Of course, helping the local economy is another sustainable benefit of getting around by bus. Most bus companies are owned either by local governments or local businesses. On the other hand, most car rental businesses are multinational. While you might be spending less on the bus, that money goes to help generate jobs and support local finances.

Finally, taking the bus is fun. We travel to see the world from different perspectives and ultimately expand our own. The guy with two chickens who thought I was fat – that was almost ten years ago. During that trip to Guatemala I visited Mayan ruins, got to take part in a traditional Mayan ceremony, and even won a chili eating contest. Of all the memories – there was something special about learning about chickens from a man who didn’t speak any English or Spanish on a bus rumbling its way up the to the Guatemalan highlands.

The Googlemobile: Mapping the World, One Tricycle At a Time

Sure, Batman may have his Batmobile, but how will he know where he’s going? Luckily there’s a another superpower emerging, saving the world one high-tech map at a time: Google.

The Google Trike. (PC World)

The Google Trike. (PC World)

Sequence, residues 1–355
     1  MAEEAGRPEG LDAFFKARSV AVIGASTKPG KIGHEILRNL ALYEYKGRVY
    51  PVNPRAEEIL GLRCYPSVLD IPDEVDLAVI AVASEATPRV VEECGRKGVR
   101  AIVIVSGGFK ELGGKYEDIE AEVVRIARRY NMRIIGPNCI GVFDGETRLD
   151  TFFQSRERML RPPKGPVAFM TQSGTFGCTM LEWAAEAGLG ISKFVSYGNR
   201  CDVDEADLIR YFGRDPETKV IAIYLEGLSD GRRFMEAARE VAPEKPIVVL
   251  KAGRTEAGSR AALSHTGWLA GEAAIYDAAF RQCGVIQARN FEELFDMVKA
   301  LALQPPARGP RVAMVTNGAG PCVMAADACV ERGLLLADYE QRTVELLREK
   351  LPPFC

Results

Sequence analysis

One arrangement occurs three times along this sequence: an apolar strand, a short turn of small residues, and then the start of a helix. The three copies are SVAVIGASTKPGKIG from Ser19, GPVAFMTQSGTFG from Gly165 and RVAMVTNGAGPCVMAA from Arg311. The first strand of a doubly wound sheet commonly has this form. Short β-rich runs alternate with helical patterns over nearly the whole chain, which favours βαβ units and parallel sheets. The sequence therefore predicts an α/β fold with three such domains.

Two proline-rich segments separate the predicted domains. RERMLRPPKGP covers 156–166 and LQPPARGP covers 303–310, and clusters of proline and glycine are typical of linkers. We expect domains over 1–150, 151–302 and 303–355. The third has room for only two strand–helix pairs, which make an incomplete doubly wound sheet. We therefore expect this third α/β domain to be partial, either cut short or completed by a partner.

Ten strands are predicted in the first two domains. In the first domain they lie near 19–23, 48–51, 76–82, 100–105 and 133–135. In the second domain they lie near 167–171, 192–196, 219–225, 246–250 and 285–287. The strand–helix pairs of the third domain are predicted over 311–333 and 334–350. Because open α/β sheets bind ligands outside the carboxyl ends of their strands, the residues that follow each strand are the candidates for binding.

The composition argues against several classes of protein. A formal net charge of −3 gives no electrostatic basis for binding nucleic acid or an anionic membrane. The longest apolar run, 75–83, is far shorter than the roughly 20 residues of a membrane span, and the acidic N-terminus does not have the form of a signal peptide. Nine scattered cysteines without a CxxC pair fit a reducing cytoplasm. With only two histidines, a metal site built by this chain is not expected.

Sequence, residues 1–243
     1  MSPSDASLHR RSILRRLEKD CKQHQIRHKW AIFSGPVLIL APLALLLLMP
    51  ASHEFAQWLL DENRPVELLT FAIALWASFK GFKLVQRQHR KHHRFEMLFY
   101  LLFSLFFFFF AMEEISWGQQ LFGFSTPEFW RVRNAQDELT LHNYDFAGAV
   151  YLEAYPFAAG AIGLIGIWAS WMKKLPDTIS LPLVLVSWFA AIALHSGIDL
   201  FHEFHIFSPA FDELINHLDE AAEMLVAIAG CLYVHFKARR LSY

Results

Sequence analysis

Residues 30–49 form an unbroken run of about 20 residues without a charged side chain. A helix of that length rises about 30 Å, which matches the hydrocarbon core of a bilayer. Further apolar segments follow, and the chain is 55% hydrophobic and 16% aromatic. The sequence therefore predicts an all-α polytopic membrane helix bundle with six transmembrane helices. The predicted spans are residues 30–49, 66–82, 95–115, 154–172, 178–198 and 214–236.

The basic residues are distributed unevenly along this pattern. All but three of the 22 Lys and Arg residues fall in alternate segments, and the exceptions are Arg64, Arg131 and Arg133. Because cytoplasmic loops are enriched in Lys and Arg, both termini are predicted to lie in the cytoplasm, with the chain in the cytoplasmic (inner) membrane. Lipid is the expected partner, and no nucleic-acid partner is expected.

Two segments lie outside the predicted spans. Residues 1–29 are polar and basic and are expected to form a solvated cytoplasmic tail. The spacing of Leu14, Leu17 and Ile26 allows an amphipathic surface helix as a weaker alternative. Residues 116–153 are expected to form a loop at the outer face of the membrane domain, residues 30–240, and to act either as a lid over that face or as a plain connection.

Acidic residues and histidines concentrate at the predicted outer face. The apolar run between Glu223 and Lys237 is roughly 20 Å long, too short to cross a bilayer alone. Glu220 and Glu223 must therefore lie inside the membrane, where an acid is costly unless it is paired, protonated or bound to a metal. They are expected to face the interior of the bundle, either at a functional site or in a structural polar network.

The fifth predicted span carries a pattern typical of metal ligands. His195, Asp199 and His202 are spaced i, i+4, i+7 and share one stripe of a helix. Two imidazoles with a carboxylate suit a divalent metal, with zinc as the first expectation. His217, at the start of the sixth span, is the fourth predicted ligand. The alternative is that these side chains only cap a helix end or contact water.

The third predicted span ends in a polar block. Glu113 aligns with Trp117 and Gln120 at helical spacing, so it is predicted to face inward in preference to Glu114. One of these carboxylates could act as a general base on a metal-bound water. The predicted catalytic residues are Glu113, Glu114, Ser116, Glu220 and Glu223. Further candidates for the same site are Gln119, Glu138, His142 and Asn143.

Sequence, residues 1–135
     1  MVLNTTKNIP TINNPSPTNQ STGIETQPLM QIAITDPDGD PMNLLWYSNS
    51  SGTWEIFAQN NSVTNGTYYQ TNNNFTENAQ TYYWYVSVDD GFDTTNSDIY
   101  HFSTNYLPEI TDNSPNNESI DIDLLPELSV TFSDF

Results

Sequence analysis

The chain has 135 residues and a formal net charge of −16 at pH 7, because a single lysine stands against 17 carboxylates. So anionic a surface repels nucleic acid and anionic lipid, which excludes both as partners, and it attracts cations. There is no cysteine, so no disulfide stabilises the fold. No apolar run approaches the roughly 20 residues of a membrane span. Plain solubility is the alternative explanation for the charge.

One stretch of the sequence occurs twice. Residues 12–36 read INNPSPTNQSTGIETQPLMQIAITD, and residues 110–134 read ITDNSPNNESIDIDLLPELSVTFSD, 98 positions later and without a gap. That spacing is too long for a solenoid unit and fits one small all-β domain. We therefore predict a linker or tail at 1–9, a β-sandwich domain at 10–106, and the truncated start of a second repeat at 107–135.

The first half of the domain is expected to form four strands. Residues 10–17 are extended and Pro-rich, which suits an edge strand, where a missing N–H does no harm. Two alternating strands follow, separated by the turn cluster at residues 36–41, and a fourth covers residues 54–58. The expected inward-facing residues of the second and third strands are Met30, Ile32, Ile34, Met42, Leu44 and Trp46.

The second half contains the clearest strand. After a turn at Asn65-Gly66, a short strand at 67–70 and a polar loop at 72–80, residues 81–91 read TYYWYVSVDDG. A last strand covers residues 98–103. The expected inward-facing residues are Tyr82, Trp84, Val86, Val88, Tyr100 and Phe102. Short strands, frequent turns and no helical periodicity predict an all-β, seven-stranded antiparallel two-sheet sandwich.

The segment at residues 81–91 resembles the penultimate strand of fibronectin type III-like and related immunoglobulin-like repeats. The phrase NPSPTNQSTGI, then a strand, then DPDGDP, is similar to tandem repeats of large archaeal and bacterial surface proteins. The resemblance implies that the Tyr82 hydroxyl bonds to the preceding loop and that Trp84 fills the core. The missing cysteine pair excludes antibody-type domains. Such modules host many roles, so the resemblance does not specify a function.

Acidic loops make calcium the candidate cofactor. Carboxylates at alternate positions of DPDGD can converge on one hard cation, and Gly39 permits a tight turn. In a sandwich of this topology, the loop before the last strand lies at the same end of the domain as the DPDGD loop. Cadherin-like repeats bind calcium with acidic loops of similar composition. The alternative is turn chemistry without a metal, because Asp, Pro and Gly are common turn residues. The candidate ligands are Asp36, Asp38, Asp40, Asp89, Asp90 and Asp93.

Google’s employees roll geek-chic on a customized tricycle, equipped with up to nine cameras, a generator, a keypad to control the cameras, and various other Google gear to help create the street maps for its Google Maps™ mapping service. (Don’t worry, they wear chunky white helmets to protect their cerebral genius.)

The pedal-powered machine allows Google to reach and map out secluded paths, cobblestoned streets, and other places inaccessible by car. For privacy protection the trike’s cameras detect, then automatically blur, all license plates and faces.

The multiple cameras snap tons of high-definition pictures, used to construct the 360-degree virtual tour maps made famous by Google.

The Googlemobile is currently pedaling around France, hitting up hotspots like Chateau de Versailles and Jardin du Luxembourg. It’s set to map Paris on Aug. 20. The tricycle already tackled Britain and Italy earlier this summer, and Google plans to expand its navigational empire to other European nations as well.

Back on the mainland, Google has already been using its pedicabs to map out college campuses throughout the United States – known for their scenic, yet often convoluted, paths and trails. Although older generations are skeptical, college students have embraced the high-tech trike, and parents of prospective students enjoy taking a “virtual tour” of campuses they may otherwise be unable to visit.